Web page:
The Owl and the Pussycat
And other nonsense.
I, like so many others, have done the vast amount of my recent nature observation from the windows of our home. Here, in the west of Alentejo, even on the fourth floor, sometimes nature also tries to bring itself closer to us. Butterflies lay their eggs on our salads and nasturtiums, Moorish geckos hide behind the plant-pots, tiny spiky dragons, who would not surprise me if they hiccuped smoke. Birds have been known to fly in and then out again, sometimes pausing on the open bedroom window and depositing tiny calling-cards on the floor. In the corner of the kitchen sits a fat, elegant spider, high up and patient. She is well fed, for this corner, above the door to the balcony, is where the insects rise and where, subsequently, a constant rain of desiccated corpses falls to the floor. This is not a bad thing, even spiders need love and feeding and, to be honest, I prefer them to mosquitoes who, in turn, love me.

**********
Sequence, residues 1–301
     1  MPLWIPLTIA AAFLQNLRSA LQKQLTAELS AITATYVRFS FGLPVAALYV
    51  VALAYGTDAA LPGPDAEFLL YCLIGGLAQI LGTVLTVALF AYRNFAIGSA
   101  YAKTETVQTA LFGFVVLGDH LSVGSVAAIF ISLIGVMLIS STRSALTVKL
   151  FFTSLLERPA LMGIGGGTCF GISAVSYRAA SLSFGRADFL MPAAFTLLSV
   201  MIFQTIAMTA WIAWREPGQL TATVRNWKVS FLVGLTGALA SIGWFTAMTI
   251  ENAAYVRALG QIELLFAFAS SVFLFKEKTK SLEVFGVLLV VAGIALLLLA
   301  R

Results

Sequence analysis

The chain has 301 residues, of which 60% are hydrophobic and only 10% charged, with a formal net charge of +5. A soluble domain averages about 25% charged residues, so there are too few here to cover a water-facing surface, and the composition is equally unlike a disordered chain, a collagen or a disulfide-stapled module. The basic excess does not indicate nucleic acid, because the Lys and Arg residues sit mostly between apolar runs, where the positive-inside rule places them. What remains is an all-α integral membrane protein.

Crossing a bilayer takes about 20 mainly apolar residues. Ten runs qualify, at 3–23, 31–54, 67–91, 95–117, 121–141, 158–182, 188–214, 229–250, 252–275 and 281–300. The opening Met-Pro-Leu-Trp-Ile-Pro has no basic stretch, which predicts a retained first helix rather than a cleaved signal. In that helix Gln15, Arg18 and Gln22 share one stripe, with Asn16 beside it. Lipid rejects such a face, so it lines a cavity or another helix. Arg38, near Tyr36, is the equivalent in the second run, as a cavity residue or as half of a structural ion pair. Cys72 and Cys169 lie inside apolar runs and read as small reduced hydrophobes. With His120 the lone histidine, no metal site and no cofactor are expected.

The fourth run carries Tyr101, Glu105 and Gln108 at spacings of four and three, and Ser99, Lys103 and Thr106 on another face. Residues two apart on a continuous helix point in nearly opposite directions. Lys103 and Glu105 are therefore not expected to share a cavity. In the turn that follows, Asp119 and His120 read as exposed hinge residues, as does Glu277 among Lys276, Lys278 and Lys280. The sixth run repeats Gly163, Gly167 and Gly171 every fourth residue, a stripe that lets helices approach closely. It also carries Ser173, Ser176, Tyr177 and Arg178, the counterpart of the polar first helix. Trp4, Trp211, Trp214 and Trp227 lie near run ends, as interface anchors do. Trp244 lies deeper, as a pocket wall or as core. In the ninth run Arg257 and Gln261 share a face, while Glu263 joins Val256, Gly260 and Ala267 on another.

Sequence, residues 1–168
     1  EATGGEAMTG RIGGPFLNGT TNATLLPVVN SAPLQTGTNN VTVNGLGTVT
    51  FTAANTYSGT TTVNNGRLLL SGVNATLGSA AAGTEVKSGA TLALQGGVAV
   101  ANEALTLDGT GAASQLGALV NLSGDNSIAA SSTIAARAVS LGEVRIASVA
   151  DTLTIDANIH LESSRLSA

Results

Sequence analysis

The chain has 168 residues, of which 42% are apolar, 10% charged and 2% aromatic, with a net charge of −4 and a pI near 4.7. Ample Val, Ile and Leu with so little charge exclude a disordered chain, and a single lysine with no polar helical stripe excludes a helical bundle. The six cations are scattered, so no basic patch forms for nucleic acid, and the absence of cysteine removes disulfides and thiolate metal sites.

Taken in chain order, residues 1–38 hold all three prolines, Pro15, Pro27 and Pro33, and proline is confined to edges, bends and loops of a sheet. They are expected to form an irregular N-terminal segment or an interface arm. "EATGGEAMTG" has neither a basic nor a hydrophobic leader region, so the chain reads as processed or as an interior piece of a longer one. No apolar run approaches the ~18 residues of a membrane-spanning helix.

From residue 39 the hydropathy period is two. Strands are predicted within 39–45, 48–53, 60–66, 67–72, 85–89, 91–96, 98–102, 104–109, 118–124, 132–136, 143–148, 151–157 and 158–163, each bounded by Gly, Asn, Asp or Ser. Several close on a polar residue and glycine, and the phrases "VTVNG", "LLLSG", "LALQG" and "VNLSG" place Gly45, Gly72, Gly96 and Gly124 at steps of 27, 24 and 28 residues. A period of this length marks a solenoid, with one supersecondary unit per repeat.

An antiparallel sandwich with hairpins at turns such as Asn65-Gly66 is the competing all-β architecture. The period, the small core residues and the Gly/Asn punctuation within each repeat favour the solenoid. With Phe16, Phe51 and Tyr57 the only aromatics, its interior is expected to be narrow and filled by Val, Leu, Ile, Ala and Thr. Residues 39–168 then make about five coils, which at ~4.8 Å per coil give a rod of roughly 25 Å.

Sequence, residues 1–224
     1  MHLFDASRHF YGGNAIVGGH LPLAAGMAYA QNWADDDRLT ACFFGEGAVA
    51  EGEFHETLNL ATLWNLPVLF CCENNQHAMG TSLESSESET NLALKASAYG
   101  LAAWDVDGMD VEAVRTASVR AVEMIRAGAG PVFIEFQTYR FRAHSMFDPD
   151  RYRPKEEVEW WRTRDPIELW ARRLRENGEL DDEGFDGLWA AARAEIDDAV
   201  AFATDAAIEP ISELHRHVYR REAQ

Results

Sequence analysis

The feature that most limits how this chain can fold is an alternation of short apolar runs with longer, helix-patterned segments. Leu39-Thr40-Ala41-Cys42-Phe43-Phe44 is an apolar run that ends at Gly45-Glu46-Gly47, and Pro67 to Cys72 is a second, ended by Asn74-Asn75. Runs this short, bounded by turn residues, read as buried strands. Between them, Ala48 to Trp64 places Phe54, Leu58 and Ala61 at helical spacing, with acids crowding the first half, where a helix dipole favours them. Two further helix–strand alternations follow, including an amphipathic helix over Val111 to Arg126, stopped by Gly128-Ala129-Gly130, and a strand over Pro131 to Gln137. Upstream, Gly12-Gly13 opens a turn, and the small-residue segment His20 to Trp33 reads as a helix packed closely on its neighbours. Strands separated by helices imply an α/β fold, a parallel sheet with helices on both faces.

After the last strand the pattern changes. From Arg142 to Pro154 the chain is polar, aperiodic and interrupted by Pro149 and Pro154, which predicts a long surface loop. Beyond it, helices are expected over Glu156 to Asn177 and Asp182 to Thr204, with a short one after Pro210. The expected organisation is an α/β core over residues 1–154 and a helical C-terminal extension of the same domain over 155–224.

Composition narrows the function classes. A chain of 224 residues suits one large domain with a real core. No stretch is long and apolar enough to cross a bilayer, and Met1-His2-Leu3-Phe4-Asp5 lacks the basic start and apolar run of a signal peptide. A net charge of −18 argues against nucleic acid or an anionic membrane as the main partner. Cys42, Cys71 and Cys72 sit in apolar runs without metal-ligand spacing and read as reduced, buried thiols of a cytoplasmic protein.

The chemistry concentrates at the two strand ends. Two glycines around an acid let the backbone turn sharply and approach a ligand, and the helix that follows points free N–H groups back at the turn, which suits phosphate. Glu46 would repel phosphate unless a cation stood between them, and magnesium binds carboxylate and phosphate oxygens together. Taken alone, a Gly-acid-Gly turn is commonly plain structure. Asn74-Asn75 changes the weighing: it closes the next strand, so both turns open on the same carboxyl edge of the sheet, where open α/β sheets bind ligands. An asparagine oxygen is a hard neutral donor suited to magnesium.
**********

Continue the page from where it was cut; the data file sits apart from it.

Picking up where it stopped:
We have managed to install a magnetic bug screen in the bedroom, which is rather wonderful, as it means we can leave the window open and let the cool evening air replace the heat of the day. As a welcome bonus, it also enables me to stand in the dark, looking out at the view at night, inhaling the scent and hearing the voices of the night-shift.